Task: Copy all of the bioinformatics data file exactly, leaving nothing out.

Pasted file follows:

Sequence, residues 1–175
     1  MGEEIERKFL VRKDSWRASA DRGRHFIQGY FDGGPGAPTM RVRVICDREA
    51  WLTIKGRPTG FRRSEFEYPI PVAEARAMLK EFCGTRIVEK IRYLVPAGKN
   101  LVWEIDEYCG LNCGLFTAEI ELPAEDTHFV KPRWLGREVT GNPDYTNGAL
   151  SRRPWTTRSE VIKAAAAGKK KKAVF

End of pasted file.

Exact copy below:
Sequence, residues 1–175
     1  MGEEIERKFL VRKDSWRASA DRGRHFIQGY FDGGPGAPTM RVRVICDREA
    51  WLTIKGRPTG FRRSEFEYPI PVAEARAMLK EFCGTRIVEK IRYLVPAGKN
   101  LVWEIDEYCG LNCGLFTAEI ELPAEDTHFV KPRWLGREVT GNPDYTNGAL
   151  SRRPWTTRSE VIKAAAAGKK KKAVF